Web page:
“Business bankruptcy” isn’t a legal term as there’s no designated chapter for businesses or businesspeople to file bankruptcy in. Thus, the correct question is which chapter is best for businesses and their principals to file in. The answer depends on the structure of the business and the principals’ goals for running it.
For sole proprietorships i.e. businesses that aren’t incorporated entities in the state, the bankruptcy is no different from a personal bankruptcy. As a result, chapters 7, 11, and 13 are all available. This should make sense: Wage-laborers sell their work in the same way that businesses sell products or services, and so there isn’t much of a distinction between their occupations in bankruptcy terms.
As to what the chapters do for debtors, chapter 7 filings are rarer because they require the debtor to cease the businesses’ operations unless the trustee chooses to take it over and run it, which is also rare. Obviously there’s nothing preventing the debtor from resuming the business if it’s personalized, like being a musician. As with a consumer bankruptcy, any of the debtor’s assets that can’t be protected by an exemption will be sold by the trustee.
Because assets might not be exempt and debtors might want to continue their businesses, filing in chapter 11 or 13 are often more appropriate options. Chapter 13 allows the debtor to craft a repayment plan that’s repaid over 36-60 months. Chapter 11 might be mandatory for debtors whose debts are higher than allowed in chapter 13, but otherwise it’s similar to chapter 13 in that the debtor proposes a repayment plan, except the creditors get to vote on it. Often chapter 11 helps debtors who need time to sell real estate or some other assets to streamline their businesses and make payments to their creditors.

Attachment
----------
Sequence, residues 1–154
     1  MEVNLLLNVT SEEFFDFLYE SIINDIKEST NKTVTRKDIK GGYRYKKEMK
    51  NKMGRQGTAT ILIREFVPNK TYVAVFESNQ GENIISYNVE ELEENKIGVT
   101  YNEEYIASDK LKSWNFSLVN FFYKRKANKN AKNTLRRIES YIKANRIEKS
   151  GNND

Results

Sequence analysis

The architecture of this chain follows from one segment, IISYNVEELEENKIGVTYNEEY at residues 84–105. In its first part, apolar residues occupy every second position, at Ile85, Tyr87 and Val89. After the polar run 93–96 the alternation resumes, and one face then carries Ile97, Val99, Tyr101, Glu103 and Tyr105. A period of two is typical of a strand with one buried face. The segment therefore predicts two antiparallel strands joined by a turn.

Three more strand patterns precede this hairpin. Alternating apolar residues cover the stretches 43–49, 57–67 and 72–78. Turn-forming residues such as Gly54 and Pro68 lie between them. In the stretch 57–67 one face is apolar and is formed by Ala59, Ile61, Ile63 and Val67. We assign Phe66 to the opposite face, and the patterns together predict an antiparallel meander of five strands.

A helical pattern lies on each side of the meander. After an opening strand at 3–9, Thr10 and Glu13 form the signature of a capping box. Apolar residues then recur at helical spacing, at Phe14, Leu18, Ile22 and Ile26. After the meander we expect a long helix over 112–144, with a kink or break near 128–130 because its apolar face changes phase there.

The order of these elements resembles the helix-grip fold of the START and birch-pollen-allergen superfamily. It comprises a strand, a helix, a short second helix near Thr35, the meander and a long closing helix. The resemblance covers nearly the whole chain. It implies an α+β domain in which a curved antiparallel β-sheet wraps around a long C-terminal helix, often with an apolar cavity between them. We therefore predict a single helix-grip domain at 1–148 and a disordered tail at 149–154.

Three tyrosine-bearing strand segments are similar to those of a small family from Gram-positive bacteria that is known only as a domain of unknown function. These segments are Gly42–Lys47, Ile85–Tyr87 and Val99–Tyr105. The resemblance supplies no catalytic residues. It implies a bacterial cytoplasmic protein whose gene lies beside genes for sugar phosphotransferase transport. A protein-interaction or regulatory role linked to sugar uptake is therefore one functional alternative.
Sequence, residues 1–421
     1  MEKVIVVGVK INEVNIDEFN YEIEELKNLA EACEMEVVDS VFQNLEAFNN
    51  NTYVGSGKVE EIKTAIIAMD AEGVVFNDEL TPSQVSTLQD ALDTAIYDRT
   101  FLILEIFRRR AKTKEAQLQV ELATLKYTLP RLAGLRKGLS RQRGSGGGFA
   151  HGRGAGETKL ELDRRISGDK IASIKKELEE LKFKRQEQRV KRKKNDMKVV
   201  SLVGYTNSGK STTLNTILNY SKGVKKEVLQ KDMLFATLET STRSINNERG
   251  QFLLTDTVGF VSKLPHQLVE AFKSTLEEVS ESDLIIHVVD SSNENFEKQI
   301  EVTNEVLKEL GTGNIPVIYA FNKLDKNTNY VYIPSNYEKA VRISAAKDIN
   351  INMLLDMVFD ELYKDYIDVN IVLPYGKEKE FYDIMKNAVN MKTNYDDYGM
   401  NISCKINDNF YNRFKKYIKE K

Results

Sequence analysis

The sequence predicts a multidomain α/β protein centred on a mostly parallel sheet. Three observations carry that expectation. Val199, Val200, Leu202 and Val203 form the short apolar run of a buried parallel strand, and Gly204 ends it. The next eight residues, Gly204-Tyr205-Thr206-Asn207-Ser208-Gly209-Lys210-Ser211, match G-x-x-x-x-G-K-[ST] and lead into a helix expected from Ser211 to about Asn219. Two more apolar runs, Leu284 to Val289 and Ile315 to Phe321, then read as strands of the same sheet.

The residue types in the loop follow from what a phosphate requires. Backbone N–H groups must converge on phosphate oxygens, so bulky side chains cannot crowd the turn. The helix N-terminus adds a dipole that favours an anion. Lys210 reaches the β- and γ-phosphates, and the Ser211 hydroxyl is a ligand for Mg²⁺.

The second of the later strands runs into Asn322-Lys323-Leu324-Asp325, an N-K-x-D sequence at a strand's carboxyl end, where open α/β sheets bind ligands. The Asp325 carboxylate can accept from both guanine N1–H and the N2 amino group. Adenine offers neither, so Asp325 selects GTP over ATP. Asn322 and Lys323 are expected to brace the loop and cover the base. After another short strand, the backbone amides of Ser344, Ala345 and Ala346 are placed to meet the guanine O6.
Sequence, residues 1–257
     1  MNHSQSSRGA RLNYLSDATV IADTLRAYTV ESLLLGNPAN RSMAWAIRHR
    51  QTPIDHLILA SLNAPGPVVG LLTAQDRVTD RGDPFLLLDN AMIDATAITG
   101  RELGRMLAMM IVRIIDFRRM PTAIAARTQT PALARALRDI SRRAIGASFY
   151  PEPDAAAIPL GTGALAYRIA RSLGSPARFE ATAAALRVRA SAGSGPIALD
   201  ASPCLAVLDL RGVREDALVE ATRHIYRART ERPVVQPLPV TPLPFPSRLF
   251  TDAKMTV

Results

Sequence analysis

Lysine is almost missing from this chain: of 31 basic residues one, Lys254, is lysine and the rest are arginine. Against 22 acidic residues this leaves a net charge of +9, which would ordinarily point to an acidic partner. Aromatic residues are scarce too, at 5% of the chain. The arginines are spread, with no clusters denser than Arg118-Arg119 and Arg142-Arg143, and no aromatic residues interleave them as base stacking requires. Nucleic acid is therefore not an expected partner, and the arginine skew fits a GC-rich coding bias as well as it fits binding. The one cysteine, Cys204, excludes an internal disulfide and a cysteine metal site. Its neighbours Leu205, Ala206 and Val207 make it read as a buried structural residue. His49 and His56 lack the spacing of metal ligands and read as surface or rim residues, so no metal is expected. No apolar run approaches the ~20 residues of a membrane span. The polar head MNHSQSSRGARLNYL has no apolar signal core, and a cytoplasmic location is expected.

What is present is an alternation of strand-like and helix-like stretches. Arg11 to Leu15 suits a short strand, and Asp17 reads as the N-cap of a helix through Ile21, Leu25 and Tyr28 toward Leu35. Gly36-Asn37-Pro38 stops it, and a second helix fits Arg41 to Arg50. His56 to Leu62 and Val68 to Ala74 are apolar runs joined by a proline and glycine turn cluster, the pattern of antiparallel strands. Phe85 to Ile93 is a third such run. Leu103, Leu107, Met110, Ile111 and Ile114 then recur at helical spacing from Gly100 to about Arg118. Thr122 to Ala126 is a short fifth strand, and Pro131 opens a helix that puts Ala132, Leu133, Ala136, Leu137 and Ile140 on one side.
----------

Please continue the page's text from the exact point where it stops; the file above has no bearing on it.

For partnerships (LLCs, for example) and corporations (Incs.), the business is a separate entity and files its own bankruptcy petition, but they’re limited to chapter 7 and chapter 11. In most cases, though, the principal owners file personal bankruptcies as well. The choice here is more obvious since if the principals choose chapter 7, they must shut down the business. This often leaves chapter 11, but that chapter is flexible enough to accommodate most owners’ business plans. Since the Small Business Reorganization Act became effective, on February 19, 2020, small businesses who choose to file chapter 11 will find it easier to reorganize.
Filing bankruptcy while owning a business or as the principal of one is significantly more complex than filing a personal bankruptcy. Not only are such cases more complicated legally and factually, but they also sometimes require coordination between multiple business partners that isn’t always needed in consumer bankruptcies. As a result, hiring an experienced New York bankruptcy lawyer is crucial to accomplish your personal and businesses’objectives.
For answers to more questions about business bankruptcy, the automatic stay, effective strategies for dealing with foreclosure, and protecting your assets in bankruptcy please feel free to contact experienced bankruptcy attorney Brooklyn NY Bruce Weiner for a free initial consultation.